Bigelow Aerospace's Genesis II inflatable spacecraft, to be launched in January, will carry cockroaches, scorpions and ants into space and have more cameras and biological specimen boxes than its predecessor, Genesis I.
Following the success of Genesis I, launched on 12 July, the Las Vegas-based company is expanding its study of animals as it wants to see multiple generations live aboard the spacecraft. Genesis II, like its predecessor, will test avionics, seal technology, oxygen tanks and inflation-modulating actuator valves. Genesis II will also use Kevlar membranes to restrain inflation, and layers of specialist material to limit interior exposure to radiation, aid thermal management and keep air in.
"Our [Genesis I] data shows we're as good, if not better, than the International Space Station in leaking air," says company founder Robert Bigelow. Genesis I is expected to operate for 13 years in its current orbit, but the data suggests it would take 150-200 years for all its air to leak out.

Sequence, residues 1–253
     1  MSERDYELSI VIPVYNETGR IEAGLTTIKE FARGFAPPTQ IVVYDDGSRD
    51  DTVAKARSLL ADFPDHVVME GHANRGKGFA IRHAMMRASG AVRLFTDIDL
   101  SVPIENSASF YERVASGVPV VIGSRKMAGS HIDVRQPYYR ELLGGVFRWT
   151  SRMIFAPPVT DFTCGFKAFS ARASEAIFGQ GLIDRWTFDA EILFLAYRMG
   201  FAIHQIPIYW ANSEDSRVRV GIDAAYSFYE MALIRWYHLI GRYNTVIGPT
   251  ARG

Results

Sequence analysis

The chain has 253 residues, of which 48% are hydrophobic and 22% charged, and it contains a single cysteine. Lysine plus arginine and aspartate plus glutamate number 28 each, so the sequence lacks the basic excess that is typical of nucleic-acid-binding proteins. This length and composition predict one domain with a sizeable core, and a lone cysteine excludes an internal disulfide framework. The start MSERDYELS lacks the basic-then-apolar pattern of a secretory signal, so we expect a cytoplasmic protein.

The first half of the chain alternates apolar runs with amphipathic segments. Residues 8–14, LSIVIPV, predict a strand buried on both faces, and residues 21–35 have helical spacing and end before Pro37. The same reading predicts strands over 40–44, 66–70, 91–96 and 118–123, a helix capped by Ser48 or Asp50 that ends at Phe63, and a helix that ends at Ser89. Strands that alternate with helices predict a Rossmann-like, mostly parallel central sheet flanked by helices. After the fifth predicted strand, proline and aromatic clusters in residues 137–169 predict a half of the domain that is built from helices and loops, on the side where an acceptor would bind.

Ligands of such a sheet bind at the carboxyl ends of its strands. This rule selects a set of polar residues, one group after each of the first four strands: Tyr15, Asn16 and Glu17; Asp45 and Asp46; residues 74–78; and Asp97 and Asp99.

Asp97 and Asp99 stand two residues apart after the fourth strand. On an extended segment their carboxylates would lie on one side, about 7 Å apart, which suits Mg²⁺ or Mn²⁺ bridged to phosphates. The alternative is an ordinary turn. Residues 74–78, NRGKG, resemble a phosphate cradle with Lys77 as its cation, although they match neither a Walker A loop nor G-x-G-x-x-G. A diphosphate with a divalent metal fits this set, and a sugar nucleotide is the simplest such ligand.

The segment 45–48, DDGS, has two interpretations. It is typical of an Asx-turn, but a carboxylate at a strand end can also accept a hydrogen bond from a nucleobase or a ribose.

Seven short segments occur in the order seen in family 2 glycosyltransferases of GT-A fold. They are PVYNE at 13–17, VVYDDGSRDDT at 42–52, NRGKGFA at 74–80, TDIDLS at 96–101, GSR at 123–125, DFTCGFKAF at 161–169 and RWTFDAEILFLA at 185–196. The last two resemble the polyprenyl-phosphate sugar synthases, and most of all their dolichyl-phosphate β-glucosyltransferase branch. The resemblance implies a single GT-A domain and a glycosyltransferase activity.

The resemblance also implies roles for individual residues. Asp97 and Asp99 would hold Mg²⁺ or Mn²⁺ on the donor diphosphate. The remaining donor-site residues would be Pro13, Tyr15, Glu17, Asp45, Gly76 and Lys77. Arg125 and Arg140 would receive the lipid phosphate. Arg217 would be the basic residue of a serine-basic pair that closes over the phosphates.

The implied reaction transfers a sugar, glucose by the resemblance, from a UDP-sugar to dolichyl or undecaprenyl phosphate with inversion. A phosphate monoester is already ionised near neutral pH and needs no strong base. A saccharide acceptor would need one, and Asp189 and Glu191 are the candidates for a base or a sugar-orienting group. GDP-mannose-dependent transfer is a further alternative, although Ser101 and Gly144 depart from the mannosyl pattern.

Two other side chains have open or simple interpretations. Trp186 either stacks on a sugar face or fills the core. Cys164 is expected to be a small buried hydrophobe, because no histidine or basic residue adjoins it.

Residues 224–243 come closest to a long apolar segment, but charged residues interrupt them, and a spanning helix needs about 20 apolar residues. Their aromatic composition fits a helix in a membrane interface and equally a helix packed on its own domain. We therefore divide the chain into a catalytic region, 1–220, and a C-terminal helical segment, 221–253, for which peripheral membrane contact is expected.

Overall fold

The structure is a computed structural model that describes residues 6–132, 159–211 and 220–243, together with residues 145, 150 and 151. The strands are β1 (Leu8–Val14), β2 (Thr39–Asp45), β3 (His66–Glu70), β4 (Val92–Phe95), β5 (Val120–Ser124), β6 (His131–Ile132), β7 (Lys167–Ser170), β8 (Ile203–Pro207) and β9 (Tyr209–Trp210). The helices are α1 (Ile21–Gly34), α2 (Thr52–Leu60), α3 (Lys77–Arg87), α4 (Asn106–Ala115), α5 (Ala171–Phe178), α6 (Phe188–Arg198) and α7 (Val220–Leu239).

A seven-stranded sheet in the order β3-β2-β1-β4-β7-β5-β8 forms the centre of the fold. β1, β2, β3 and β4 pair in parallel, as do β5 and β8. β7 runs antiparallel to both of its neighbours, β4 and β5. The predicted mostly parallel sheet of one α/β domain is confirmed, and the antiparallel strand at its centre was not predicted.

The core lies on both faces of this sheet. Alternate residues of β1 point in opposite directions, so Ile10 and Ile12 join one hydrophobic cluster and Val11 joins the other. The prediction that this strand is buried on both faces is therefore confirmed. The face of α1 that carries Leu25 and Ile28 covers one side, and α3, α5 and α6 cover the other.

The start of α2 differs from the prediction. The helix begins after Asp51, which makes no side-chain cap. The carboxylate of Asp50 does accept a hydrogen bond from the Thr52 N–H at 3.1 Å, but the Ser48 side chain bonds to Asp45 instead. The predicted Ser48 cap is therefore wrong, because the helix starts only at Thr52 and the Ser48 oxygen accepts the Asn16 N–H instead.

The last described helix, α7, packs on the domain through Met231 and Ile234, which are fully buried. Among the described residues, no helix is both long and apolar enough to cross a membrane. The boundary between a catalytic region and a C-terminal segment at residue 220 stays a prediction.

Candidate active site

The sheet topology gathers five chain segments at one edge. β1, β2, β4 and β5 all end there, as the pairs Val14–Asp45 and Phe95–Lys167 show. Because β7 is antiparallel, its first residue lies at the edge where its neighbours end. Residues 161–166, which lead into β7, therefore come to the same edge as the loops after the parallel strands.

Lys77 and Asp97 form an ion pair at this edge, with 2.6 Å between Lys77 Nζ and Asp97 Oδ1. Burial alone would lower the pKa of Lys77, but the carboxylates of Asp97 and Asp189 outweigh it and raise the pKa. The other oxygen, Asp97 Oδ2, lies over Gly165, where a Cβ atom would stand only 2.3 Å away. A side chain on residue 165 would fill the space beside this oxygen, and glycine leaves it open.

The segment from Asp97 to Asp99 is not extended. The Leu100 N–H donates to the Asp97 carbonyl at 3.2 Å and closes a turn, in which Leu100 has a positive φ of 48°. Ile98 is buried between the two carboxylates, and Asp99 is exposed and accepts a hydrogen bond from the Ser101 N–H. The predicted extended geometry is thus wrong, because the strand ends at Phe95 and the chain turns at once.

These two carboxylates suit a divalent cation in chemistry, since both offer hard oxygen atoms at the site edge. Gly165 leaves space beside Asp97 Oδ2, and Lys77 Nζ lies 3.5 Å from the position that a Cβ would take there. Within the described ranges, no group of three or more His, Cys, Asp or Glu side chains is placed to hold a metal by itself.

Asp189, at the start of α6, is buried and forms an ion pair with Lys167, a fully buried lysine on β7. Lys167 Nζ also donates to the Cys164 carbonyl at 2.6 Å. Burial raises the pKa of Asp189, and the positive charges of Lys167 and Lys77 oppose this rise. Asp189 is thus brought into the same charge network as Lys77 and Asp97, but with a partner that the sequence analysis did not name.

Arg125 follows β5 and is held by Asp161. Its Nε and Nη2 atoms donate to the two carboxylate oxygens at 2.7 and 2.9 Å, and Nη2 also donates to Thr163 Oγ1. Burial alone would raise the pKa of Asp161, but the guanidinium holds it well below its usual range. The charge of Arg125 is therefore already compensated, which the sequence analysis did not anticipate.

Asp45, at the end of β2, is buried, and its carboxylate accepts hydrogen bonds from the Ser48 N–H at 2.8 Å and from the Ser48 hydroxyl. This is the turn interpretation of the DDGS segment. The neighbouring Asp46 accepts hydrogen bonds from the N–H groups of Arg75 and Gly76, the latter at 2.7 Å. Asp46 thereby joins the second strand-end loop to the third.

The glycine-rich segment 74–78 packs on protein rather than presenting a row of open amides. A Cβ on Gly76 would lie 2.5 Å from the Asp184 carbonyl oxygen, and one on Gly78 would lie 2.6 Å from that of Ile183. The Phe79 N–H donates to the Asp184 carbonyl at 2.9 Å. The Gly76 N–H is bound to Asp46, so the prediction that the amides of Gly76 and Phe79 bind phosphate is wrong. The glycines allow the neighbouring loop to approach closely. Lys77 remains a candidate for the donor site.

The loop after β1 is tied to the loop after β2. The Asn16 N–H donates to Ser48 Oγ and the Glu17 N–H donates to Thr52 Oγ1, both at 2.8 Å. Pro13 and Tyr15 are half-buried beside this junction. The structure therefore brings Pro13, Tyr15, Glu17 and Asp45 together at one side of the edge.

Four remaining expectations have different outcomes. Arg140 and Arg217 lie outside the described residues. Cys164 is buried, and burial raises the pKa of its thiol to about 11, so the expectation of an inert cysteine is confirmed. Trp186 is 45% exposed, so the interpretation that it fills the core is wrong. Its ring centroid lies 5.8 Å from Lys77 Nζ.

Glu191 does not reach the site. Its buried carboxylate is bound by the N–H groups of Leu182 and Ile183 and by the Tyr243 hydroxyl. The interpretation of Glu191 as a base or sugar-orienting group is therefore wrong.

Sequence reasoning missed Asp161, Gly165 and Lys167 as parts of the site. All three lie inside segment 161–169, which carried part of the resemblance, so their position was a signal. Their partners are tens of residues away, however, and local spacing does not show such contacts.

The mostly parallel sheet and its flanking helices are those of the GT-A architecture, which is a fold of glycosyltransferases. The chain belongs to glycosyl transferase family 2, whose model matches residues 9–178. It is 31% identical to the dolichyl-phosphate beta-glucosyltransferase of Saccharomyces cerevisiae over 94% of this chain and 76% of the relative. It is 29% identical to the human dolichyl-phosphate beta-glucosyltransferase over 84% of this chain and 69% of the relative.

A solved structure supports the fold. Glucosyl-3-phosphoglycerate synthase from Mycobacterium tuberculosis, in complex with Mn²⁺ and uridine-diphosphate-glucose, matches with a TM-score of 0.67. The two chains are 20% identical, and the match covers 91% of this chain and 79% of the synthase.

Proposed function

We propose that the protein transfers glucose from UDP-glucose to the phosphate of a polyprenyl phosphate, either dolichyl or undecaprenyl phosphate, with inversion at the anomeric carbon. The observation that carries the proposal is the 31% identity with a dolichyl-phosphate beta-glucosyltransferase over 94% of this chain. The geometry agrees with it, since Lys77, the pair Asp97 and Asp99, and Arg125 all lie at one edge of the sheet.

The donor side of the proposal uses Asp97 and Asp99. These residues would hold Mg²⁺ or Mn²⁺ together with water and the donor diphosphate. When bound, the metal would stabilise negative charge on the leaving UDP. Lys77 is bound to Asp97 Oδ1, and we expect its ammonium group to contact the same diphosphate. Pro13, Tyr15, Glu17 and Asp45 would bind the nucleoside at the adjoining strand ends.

|Future Bigelow spacecraft may have Russian and US docking systems|
Bigelow may use US and Russian docking systems on future models of its space complex and, if Genesis II is successful, could accelerate plans to launch a full-scale spacecraft, currently scheduled for 2012, although it would require a rocket larger than the Kosmotras Dnepr booster used to launch Genesis I and II.
Bigelow's Las Vegas command and control centre has UHF, VHF and S-band antennas. By year's end, Bigelow will place 6.1m (20ft) S- and X-band dish antennas in Hawaii and Alaska and by 2009 the company should have nine 6.1m dish antennas around the world. X-band dishes are necessary for rapid video data transfer.
Read Rob Coppinger's blog on how hotelier Robert Bigelow has achieved a significant success with his Genesis I spacecraft in an industry that sees too many Powerpoint presentations and too little operational hardware